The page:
The process is a sequence of formal transformations; an equilibrial system, illustrated by the balance of a scale. The unconscious tips the scale toward resolution, transforming passivity to activity, antagonism to cooperation, and alienation to mutual respect.
The conflict resolution process is the unit of moral order. It mandates deliberate conflict resolution as the transformation of passivity to activity, of antagonism to cooperation, and of alienation to repect. The universal laws of morality, coincide with the Ten Commandments.
The process is a sequence of energetic transformations, like the pendulum oscillation. It abides by the laws of physics, but unlike the pendulum, the process upgrades order; it increases negative entropy.
Judaism illustrates the assertiveness syndrome. Jacob, the favored son of a powerful mother, is assertive. He extracts blessings from his father and wrestles with God. Becoming empowered as Israel, he is respectful of his discriminated brother Hesau, and a fair judge for his wives and sons. The Passover Seder's querying sons illustrate the four relational modalities; those of the wise, wicked, simple, and the quiet alternatives. The Judaic values reinforce the desirability of assertiveness and respect.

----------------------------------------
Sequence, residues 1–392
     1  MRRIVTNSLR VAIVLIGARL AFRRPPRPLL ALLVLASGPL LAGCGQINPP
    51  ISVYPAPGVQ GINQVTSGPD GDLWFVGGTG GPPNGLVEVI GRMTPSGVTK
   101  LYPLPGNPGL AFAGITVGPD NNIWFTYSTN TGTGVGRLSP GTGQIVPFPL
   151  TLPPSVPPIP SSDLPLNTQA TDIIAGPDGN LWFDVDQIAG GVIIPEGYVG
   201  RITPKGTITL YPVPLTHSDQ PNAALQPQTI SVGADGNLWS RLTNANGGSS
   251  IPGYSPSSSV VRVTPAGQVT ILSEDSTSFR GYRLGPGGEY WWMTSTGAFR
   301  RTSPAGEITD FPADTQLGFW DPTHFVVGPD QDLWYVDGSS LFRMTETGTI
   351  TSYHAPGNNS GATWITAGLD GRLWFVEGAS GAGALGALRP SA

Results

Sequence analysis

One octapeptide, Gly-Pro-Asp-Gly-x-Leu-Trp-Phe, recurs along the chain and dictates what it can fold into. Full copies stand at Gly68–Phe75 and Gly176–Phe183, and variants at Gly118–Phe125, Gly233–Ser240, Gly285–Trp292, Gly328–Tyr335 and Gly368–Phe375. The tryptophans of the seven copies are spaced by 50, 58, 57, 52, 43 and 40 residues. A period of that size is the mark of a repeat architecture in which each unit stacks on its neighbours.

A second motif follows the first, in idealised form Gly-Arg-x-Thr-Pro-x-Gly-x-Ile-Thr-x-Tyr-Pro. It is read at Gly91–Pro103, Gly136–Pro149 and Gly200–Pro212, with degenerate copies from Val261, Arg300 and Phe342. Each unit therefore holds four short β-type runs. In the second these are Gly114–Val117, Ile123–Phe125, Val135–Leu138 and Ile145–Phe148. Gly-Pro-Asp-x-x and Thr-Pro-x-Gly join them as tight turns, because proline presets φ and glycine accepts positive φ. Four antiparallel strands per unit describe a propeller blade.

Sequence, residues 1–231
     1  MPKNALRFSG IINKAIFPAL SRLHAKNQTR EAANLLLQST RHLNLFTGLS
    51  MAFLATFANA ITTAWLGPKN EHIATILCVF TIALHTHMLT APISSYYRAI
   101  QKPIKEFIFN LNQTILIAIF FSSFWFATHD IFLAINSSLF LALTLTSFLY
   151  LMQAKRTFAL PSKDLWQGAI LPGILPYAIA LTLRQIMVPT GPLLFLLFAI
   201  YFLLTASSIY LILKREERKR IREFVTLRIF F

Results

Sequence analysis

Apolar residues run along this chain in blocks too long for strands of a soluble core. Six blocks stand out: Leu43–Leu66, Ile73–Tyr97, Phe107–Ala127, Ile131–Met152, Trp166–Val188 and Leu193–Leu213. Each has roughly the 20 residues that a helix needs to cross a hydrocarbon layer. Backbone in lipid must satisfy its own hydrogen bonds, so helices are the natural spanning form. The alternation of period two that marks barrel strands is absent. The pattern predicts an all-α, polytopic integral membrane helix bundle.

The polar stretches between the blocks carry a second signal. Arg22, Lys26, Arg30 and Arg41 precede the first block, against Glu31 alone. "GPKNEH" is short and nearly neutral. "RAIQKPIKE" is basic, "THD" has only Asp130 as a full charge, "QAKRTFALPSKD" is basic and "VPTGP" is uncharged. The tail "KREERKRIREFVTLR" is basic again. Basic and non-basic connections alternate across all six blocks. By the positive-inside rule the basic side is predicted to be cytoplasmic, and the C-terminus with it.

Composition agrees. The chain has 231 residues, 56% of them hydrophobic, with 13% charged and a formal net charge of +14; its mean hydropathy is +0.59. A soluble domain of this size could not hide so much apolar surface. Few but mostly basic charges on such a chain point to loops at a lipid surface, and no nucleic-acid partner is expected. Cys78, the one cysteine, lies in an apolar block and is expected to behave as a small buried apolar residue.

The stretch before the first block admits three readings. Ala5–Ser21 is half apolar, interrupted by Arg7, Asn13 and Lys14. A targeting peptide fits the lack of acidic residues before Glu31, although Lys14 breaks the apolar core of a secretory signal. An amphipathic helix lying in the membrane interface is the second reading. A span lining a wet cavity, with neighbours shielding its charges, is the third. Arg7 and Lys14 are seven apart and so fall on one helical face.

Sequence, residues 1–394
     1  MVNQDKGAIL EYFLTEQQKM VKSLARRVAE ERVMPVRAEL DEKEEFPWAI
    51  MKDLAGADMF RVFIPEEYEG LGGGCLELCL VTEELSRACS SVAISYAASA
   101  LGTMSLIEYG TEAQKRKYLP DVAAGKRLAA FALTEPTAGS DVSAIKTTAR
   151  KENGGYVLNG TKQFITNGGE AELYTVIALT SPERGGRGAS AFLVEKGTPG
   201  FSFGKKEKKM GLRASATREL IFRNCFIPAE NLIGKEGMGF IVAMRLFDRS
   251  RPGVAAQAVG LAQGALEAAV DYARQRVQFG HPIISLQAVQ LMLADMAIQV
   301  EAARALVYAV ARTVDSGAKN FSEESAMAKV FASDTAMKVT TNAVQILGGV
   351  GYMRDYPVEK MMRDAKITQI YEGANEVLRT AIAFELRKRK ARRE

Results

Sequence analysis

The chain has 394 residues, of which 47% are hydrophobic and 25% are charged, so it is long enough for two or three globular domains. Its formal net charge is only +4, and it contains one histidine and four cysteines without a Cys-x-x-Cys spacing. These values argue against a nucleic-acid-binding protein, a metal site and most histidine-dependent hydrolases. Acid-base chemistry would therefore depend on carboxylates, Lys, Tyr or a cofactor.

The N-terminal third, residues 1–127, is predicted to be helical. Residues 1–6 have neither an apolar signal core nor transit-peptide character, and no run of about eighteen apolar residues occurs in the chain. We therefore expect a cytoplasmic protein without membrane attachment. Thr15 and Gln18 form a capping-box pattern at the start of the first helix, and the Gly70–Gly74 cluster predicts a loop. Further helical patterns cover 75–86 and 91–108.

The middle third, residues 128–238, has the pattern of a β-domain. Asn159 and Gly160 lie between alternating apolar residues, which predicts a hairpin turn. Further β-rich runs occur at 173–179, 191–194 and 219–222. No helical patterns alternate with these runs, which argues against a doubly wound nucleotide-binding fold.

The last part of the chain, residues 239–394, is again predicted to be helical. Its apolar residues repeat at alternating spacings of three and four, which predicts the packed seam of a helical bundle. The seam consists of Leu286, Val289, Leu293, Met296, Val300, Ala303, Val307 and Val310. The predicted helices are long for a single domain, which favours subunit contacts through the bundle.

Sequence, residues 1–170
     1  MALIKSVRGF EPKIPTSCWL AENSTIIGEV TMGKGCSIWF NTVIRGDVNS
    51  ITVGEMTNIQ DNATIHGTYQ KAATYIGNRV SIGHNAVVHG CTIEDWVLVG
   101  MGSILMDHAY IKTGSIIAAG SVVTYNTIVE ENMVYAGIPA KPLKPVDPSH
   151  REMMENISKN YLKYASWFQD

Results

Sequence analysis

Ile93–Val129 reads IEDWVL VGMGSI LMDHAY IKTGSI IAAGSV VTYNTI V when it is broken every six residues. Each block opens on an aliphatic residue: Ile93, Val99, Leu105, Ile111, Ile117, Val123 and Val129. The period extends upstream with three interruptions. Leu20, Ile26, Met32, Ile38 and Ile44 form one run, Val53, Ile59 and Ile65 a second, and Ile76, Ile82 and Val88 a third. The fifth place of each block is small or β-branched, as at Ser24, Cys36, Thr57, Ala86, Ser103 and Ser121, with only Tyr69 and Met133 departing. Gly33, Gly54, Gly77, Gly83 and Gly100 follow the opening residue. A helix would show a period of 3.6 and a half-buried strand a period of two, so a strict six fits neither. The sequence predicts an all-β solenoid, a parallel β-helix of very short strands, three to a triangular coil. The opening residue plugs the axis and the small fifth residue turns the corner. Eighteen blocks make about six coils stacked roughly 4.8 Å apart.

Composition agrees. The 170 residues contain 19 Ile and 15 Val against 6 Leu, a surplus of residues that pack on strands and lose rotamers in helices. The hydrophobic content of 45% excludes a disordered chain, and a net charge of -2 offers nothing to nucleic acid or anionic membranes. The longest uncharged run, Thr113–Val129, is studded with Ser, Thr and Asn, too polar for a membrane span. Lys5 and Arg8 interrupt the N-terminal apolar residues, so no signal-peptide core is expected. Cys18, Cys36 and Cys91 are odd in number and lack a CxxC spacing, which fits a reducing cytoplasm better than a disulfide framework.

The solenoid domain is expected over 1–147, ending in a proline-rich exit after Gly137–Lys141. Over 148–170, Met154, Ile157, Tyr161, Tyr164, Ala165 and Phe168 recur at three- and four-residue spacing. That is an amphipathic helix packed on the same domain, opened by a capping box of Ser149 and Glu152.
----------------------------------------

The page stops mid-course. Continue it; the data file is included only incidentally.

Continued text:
Islam illustrates the dominance syndrome. Mohammed espoused dominance, the relational choice attributed to Ishmael. Ishmael was the first born son of Abraham and Hagar. Hagar and Ishmael were banished to the desert. Feeling unjustly deprived, Ishmael and Mohammed feel jusitified in dominating their rivals. This relational choice is experienced by their opponents as dominant antagonistic.
Christianity illustrates the subordinacy syndrome. Jesus, the son of an unwed mother, espoused cooperation, non-violence, asexuality, and self-sacrifice. It is the relational choice of surrender and hope.